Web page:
Are AP Classes Useless?

by Jessica Hill

Knowing the difference between electives and AP ones can better help students decide which classes they would like to take and what they might want to pursue. AP subjects are more difficult than regular ones, so without a proper look into the process that taking one of these classes involves, it might seem like these classes have no purpose other than giving students a challenge where needed.

AP classes function differently from any other kind of class because the curriculum is meant to prepare students for the corresponding AP Exam, a test graded out of five points, and the score is sent to any colleges upon application. Unfortunately, taking an exam costs $110 each, but having good scores sent to future schools can significantly improve a student’s chances at getting in, so enrolling in Advanced Placement can give you an advantage.

Along with the exam, the actual class is relatively difficult—there can be an abundance of assignments or material to learn. In this respect, a B is a pretty decent grade, but colleges look at students’ grades in AP classes, so it would benefit someone to shoot for higher than that. It depends on how the student approaches the class and what the material is— a lot of people fare just fine when faced with an AP class. “I don’t think that it’s actually that difficult; however, there is quite a bit of reading involved,” said Alexandra Osorio, sophomore in AP Human Geography. “The homework load is quite nice, and [our teacher] gives us enough time to complete our assignments—  it’s up to us what we do with that time.”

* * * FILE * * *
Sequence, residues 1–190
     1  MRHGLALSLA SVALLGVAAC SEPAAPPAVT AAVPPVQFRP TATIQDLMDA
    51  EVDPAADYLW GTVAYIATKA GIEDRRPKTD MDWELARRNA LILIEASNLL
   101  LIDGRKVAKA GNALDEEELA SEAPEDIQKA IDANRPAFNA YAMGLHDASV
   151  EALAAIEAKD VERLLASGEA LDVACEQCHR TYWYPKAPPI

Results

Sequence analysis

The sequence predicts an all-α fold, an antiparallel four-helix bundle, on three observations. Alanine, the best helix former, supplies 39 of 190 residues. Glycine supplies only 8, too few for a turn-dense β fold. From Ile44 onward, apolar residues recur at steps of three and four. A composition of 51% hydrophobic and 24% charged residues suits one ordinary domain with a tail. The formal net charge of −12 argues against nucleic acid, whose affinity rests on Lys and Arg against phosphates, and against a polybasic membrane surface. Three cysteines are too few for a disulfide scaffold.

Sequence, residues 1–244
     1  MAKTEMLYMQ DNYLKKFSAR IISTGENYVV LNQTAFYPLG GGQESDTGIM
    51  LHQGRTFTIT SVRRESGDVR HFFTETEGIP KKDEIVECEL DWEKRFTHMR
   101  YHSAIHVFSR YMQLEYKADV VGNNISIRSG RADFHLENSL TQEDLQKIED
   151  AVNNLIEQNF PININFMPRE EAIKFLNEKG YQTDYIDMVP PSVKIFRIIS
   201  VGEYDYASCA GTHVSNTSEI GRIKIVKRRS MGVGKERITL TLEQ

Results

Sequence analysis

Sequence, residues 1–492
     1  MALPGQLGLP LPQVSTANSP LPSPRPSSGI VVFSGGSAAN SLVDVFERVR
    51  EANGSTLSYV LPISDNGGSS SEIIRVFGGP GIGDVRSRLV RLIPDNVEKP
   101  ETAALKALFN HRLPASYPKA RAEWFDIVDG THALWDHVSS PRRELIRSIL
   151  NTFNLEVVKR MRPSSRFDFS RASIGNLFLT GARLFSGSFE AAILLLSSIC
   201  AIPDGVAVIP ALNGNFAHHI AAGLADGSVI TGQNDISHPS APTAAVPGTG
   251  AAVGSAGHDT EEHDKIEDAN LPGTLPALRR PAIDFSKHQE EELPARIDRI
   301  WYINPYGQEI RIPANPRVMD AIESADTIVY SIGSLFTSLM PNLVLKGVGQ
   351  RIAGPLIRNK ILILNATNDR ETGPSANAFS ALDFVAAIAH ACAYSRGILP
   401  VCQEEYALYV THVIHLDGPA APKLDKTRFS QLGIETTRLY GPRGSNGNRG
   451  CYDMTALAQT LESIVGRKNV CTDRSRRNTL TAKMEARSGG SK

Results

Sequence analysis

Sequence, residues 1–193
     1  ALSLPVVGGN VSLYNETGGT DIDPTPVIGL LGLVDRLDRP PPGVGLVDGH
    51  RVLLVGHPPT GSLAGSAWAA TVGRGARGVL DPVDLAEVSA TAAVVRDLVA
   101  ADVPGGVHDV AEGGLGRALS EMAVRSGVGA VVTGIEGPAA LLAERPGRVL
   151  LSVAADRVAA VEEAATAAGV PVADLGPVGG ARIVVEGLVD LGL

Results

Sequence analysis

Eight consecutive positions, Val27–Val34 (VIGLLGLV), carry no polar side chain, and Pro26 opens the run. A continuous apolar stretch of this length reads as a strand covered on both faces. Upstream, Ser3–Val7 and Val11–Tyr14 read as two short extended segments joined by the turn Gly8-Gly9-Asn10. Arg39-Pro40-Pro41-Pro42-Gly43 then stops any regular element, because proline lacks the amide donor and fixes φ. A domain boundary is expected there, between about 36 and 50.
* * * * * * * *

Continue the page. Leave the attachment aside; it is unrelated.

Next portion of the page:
AP classes vary based on what is being learned, but they may also differ by teacher depending on the learning style that is found applicable. While most students find their AP classes interesting, there can be some aspects of the class that they would like to change in order to make learning more efficient. An anonymous student in AP European History explained that they  “would rather do a lot of work for something that helps us learn the material than just do a lot of excess work.” Perhaps it would be a good idea to consult students on suggestions at the end of semester or year in order to improve classes academically and make them more enjoyable.

Besides being beneficial to college entrance chances, there are a wide variety of AP classes, and it can be motivating to choose subjects that seem interesting. Plus, about half of them have predecessors, such as AP French or AP Physics, but there are also classes like AP Psychology or AP European History which do not require any prior knowledge.

Students can also get ahead in subjects that they are planning to take in college by taking the corresponding AP course. “I think it would be beneficial to take an advanced chemistry course since I am planning on going into the medical field as a career,” said sophomore Sarah Long. This can also be convenient as classes can be taken as advanced placement that  may be available in university, so students do not have to waste their time learning that material in post-secondary school.

High school is one of the best places for self-discovery, so trying out both Advanced Placement classes and electives can be a great way to find interests or possible subjects to pursue in college. Though it seems like a good idea to pile them on during the last few years, it can be extremely overwhelming to juggle so many demanding classes. It is recommended to have a maximum of two to three AP classes per year and to develop organizational skills because balancing all your classes makes doing well in them easier and less stressful. Staying healthy and getting enough sleep are extremely important, so it would benefit students to only take AP classes that they are truly interested in instead of piling them up for college credits. Your happiness and well-being should always be prioritized over getting into a prestigious university or anything like that— make sure you choose a path that will bring you contentment.


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